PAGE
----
My DD, 5 is very mild also, I could have 'gotten away' with not getting her any services, and she would have functioned in a regular ed preschool. However *functioned* is very different than *thrived* and with a lot of support last year, we saw her thrive in preschool. Many, many people commented on the changes in her over the course of a year. Most were other parents who had no clue about her special needs, they just thought she had 'grown up' an awful lot in a year! (someone told me she had "blossomed"! LOL a lot of hard work went into that blossoming!).

The other argument for having Ryan(?) evaluated, is that it will give you a benchmark of where he is at in all functional areas, and maybe highight any issues of which you may not be aware. For example, you mention that he can talk the hind legs off a donkey (I'm paraphrasing). How is his receptive language? Formal testing will benchmark this and highlight any big gaps or areas of concern. Also, if the school district do the testing, they will then put together a plan to address any issues, and give him any additional support he may need.

It could be that he doesn't need much or indeed any help now, but sometimes we see kids whose issues seem to emerge more as they get older and it may be worth getting on the radar, so to speak, for a faster turnaround time if you need help further down the line, KWIM?

Last thought: the nebuliser incident could possibly be an indicator that his sensory issues go beyond audio sensitivity (and is a health and safety concern in itself). An Occupational Therapist can help you with sensory issues, and could make life easier for him. This type of therapy is best started young, while the brain is still elastic.

OK I'm lecturing (sorry) I'll stop. I hope this helps. Please feel free to stick around, trawl through the old posts and ask as many questions as you need to. This is a great board for information and support.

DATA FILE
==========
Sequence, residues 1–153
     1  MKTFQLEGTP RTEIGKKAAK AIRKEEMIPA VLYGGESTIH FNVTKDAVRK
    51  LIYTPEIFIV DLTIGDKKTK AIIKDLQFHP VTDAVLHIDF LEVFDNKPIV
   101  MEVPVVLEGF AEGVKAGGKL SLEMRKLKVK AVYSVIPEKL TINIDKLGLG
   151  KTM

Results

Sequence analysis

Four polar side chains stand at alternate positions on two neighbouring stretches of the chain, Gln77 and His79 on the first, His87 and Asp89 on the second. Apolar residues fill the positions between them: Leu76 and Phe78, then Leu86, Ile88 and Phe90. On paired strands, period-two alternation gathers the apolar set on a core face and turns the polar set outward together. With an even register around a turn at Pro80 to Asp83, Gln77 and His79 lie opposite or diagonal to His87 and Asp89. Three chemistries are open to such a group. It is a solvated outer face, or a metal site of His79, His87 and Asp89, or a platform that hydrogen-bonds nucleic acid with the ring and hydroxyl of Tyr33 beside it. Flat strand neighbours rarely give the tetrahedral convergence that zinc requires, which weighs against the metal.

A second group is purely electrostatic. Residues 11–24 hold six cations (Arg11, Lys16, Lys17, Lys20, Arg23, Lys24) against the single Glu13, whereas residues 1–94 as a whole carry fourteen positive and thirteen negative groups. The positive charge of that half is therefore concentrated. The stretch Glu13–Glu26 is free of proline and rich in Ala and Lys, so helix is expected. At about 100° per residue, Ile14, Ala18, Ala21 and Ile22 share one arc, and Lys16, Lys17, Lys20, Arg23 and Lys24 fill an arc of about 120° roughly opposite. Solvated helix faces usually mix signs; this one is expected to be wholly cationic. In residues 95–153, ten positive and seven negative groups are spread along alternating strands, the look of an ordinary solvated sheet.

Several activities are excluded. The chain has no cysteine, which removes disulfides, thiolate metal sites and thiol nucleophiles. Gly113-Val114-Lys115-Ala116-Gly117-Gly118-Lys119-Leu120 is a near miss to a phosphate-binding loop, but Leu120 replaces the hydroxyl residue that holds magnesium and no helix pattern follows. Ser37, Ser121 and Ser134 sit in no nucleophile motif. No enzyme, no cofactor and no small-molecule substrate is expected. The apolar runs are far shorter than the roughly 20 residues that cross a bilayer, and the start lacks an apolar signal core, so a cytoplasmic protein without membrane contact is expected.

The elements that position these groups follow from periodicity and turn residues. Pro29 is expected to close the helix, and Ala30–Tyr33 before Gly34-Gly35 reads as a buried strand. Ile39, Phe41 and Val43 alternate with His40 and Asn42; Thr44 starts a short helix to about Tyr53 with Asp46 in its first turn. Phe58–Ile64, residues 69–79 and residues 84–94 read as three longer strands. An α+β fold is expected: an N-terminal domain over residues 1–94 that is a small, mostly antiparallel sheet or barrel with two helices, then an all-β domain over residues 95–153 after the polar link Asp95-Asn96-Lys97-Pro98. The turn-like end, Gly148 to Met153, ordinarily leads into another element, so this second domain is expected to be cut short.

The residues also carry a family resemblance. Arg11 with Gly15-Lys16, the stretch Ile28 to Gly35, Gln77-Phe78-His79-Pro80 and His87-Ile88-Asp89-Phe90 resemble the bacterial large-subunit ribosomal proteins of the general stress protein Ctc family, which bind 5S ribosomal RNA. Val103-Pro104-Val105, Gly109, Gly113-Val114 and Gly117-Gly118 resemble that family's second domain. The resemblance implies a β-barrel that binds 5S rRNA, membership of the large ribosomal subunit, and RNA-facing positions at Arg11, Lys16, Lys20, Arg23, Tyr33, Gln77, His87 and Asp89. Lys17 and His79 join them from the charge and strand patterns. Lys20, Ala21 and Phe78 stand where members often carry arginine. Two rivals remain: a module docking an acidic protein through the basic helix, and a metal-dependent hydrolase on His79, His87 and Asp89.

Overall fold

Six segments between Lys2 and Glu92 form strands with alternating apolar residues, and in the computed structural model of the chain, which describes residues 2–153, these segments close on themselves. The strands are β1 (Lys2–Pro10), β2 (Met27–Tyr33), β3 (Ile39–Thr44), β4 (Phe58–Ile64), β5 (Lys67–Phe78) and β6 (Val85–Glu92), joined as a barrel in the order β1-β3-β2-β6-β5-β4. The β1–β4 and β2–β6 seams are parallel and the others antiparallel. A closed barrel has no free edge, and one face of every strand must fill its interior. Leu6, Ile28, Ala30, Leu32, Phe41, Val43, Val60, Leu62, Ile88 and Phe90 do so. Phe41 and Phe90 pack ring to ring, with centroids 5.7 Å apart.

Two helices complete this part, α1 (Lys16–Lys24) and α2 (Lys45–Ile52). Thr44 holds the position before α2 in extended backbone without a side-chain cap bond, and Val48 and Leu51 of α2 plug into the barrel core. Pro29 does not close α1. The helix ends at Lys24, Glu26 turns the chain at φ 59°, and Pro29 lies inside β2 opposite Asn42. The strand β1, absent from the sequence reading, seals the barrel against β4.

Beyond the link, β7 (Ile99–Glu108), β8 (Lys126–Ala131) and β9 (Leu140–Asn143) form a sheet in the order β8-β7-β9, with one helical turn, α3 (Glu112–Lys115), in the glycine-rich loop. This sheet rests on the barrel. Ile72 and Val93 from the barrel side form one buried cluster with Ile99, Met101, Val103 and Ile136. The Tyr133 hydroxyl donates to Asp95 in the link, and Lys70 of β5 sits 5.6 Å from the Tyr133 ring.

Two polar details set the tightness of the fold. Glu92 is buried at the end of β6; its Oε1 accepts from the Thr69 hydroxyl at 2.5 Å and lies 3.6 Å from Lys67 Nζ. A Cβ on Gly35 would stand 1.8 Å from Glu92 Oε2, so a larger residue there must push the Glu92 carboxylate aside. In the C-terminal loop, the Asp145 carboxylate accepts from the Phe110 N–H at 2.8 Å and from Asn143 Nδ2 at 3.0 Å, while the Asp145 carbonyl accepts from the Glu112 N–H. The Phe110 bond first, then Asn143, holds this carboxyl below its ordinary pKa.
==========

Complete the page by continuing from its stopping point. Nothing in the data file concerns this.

-Paula
Mother to Peter, 7 (HFA) and Siobhan (DD), 5, officially "at risk for Aspergers Syndrome"

-Paula

visit my blog at www.onesickmother.com
iVillage Member
Registered: 03-26-2003
Mon, 08-29-2005 - 5:19pm

I will tell you our experience on this exact issue. Our oldest daughter was always a bit delayed. She was diagnosed delayed at 3 and on the spectrum at 4. Her younger brother, Mike, was a whole lot like what you mentioned. Autism had been brought up to us on a number of occasions due to sensory and behavioral issues. However, he was very social. Always outgoing at parks etc. Now he would end up driving other kids crazy and had to have things his way, but he was very outgoing with peers. So we said he couldn't possibly be autistic. He was not outgoing with adults though and in fact had severe stranger anxiety. Almost every doctors appt was as you mentioned.

But he was social so he COULDN"T be autism spectrum.

Well as he got older and didn't have any support, he got worse and worse. He began to withdraw socially because he never learned how to do it properly and had enough failures under his belt to really frustrate him. We finally had him diagnosed at 7.

In the past 2 years we have been playing catchup and it has been a rough go. He is more autistic than my older daughter who was diagnosed first. He was put full time into a special day class last year and now in 4th I am crossing my fingers we will be able to mainstream him. If not he will need to attend a special needs school for kids like him but we are finally making real progress. I can't help but think where he would be now if we had not been in denial then.